was also never a real smooth flow with the cursor as aiming was a problem, especially
with in sniper mode, and this was odd since the Meccaryns jetpack rides where
handled more smoothly and Delphi seemed to move with less lag. The menu mouse
cursor was also extremely slow, so I highly advise gamers to use the number keys
when selecting spells as Delphi or you might find yourself getting killed more
than you would like. Overall, when it ran smooth, it was very natural (despite
odd key placements) and controlled just how you would want a title with so much
to do, but this just didnt happen enough and remained something to look
forward to instead of the norm.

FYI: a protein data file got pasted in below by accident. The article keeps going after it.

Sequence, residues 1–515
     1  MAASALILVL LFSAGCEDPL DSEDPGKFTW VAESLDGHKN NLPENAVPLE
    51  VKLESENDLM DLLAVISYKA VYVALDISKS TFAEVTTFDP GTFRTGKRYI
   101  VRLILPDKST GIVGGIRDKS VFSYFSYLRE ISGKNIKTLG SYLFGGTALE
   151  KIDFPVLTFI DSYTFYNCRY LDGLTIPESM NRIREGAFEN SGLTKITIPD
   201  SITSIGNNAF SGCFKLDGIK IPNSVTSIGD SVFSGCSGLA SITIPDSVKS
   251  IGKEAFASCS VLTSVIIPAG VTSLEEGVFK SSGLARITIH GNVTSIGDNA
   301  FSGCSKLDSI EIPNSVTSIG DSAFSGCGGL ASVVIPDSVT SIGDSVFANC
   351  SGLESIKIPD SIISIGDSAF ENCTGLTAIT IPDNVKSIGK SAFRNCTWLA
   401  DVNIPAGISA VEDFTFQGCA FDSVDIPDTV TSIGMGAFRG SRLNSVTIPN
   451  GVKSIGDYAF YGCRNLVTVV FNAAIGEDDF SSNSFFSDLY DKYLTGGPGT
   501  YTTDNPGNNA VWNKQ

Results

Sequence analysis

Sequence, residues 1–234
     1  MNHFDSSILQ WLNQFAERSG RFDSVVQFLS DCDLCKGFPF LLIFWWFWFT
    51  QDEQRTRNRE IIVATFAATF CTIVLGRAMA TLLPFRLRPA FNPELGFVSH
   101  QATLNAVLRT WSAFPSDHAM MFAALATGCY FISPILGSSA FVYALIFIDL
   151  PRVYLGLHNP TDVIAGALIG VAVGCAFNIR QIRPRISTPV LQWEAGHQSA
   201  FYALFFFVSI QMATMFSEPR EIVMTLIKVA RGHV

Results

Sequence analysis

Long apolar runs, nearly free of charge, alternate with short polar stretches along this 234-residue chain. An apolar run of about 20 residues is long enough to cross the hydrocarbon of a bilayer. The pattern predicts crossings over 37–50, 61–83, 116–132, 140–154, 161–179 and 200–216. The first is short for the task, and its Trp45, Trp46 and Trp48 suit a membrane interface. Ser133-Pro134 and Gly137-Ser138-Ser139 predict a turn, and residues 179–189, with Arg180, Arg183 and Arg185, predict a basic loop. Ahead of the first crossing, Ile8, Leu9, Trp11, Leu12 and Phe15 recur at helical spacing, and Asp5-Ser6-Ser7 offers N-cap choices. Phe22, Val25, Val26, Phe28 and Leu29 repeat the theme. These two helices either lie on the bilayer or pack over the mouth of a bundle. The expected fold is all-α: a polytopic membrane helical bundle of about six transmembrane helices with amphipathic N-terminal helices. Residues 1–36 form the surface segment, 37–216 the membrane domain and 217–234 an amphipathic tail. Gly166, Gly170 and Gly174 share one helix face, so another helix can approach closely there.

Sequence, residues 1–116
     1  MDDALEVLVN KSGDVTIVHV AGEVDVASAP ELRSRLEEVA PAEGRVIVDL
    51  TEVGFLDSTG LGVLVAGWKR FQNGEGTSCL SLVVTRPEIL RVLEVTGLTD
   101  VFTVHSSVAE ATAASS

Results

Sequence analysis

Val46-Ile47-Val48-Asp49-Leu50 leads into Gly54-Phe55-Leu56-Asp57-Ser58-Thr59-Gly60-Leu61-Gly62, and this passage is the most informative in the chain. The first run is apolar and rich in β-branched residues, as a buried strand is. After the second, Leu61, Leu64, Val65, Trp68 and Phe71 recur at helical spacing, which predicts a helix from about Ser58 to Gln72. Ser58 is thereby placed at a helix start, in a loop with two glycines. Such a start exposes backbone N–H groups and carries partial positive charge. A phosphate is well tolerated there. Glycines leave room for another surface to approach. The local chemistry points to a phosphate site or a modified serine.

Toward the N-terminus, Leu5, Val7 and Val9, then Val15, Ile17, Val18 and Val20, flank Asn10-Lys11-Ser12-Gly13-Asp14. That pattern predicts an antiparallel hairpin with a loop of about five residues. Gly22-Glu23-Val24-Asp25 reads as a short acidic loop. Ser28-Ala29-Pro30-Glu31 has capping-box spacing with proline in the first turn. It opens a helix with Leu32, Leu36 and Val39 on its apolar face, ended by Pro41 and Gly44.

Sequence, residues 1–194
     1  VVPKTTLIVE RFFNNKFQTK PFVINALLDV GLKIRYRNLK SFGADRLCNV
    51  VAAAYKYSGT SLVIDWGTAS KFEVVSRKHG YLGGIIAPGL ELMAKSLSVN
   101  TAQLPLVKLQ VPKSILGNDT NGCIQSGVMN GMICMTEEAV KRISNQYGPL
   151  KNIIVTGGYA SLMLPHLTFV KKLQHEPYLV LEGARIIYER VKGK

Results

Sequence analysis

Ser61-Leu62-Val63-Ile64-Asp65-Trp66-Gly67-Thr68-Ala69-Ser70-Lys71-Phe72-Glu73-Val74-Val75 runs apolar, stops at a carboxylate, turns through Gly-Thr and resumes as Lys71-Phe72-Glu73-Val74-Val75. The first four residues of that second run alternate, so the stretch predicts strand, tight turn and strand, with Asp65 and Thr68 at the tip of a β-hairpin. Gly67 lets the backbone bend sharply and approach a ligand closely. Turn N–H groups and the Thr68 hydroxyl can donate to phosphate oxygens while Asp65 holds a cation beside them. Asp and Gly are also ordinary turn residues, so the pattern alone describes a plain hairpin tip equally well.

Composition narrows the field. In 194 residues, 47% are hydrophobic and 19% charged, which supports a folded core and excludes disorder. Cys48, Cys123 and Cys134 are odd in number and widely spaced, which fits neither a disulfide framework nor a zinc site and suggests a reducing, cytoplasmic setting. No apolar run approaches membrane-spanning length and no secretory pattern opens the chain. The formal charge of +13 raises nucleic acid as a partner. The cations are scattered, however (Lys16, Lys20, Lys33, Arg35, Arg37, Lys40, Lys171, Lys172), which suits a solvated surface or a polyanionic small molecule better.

Bugs, slowdown, crashes, and sound stutters still couldnt stop
Giants: Citizen Kabuto from being an exceptional title. The variety, the
humour, and the sheer length of the game made it one of the most enjoyable titles
I have played in a very long time. Yes, all of the problems did annoy me, but
it never once stopped me from going right back and playing again. If everything
ran smoothly, I would have no hesitation in giving a 9 rating, but because of
the problems, I simply cant reward a released product with so bugs. To be
honest, I loved Giants and having the various annoyances broke my heart
because it was just so much fun to play. If you have the patience and the system,
I would recommend it just to watch the banter between the Smarties and the Meccaryns,
not to mention to experience the great gameplay. Planet Moon has a genuine classic
on their hands, all they need to do is polish it up.